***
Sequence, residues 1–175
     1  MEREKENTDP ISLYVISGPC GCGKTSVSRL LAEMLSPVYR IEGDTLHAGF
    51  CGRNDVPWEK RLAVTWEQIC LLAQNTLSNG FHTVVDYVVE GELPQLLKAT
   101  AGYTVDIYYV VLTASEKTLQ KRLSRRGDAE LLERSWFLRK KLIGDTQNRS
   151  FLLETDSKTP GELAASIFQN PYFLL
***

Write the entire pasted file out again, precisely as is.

Sequence, residues 1–175
     1  MEREKENTDP ISLYVISGPC GCGKTSVSRL LAEMLSPVYR IEGDTLHAGF
    51  CGRNDVPWEK RLAVTWEQIC LLAQNTLSNG FHTVVDYVVE GELPQLLKAT
   101  AGYTVDIYYV VLTASEKTLQ KRLSRRGDAE LLERSWFLRK KLIGDTQNRS
   151  FLLETDSKTP GELAASIFQN PYFLL